Flora Dan Fauna Brunei Darussalam
Brunei Darussalam’s lush green rainforest is well-known for its diverse flora and fauna that attract researchers all around the world. Its marine life, which is protected, has also lured international divers to discover its hidden treasures.
The Sultanate’s rich rainforest biodiversity was showcased during the 41
Meeting of the ASEAN
Ministers on Agriculture and Forestry (41
AMAF Meeting) at The Empire Hotel & Country Club in Jerudong recently.
Fauna diversity in the country comprises 121 mammal species, 474 bird species, 182 amphibians and reptiles, and 500 species of marine fish and invertebrates.
These include the Proboscis Monkey, Tarsier, Black Crowned Night Heron, Common Flameback Woodpecker, Green Latern Bug, Flat Headed Cat, Slowloris, Borneo Clouded Leopard, Bat, Wagler Pit Viper, Moonrat, Exploding Ants, Belalong Tree Frog, Pangolin and Smooth Otter.
In terms of Brunei’s wild flora, the Sultanate has an estimated 15,000 species of vascular plants (angiosperms,
pteridophytes). It is estimated that there are 2,000 species of trees in Brunei Darussalam.
These include new species like
and species endemic to the country like
Other species found include
Since 2022, 18 new plant species from Brunei Darussalam have been discovered. They include
Seventy-two per cent of Brunei Darussalam’s besaran land wilayah is covered by forest and 41 per cent is protected by law.
Despite Brunei’s limited land provinsi, the Brunei National Herbarium has recorded 164 families of
Dicotyledons, 30 families of
Monocotyledons, four families of
Gymnosperms, 37 families of
and 16 species of
Bryophytes, including 1,178
and 4,696 species in the country.
The country has seven distinguishable types of forest: mangrove forest, beach-type forest, freshwater swamp forest, peat swamp forest, kerangas forest, mixed dipterocarp forest (MDF) and montane forest.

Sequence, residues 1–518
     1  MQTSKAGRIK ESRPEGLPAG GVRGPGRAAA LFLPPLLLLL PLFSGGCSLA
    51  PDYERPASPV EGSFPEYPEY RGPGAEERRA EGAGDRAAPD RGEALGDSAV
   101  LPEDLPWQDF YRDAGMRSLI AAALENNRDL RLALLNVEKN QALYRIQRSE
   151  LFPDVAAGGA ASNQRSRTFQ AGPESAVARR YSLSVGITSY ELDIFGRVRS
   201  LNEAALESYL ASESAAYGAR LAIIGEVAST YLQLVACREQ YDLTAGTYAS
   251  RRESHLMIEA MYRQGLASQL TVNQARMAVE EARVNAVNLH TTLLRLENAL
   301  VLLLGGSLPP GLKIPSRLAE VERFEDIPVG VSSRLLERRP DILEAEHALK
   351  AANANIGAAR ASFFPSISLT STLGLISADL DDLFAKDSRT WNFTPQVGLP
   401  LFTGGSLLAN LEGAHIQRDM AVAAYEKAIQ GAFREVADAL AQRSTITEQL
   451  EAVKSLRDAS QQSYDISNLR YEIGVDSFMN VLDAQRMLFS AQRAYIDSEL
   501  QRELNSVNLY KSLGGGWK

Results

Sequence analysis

Meanwhile, the goal of the marine capture fisheries sector in the country is the sustainable development of marine fisheries and to attain the maximum economic yield.
The objectives are to fully exploit the marine resources up to 21,300 metric tonnes at sustainable level, to protect the nursery and breeding grounds through the establishment of marine protected areas, to promote equal sharing of marine resources between small scale and commercial fisheries sectors, to promote the usage of selective fishing gears and environmentally friendly gears to minimise the wastage of under-sized fish and to increase the marine resource productivity through resource enhancement programme.
Freezing on the issuance of new fishing licences for commercial bottom trawlers have been imposed in Zone 2 since 2000. In addition, on January 1, 2022, the nation banned the catching and landing of all shark species.
Shark trade offenders can be fined up to BND1,000 by the Fisheries Department or face court prosecution with the maximum penalty of BND10,000 or one year’s imprisonment or both, as stipulated in the Fisheries Order 2009.
Due to the tremendous increase of small scale fishermen in the near shore fishing areas, a moratorium was imposed among the small scale fishermen in fishing Zone 1 (kosong to three nautical miles from the shore) in 2008.
Marine protected areas are also established where, in January 2022, the Brunei Government designated 20 tiap-tiap cent of its total fisheries management area as ‘no take zone’ which aims to increase marine resource productivity and enhance food security through protecting and conserving marine natural heritage, specifically marine life nursery and breeding grounds (coral reef).
The areas are rich in flora and satwa. All aquatic life that has grown serves as a shelter and breeding of fish and all kinds of marine life, also known as marine reserves.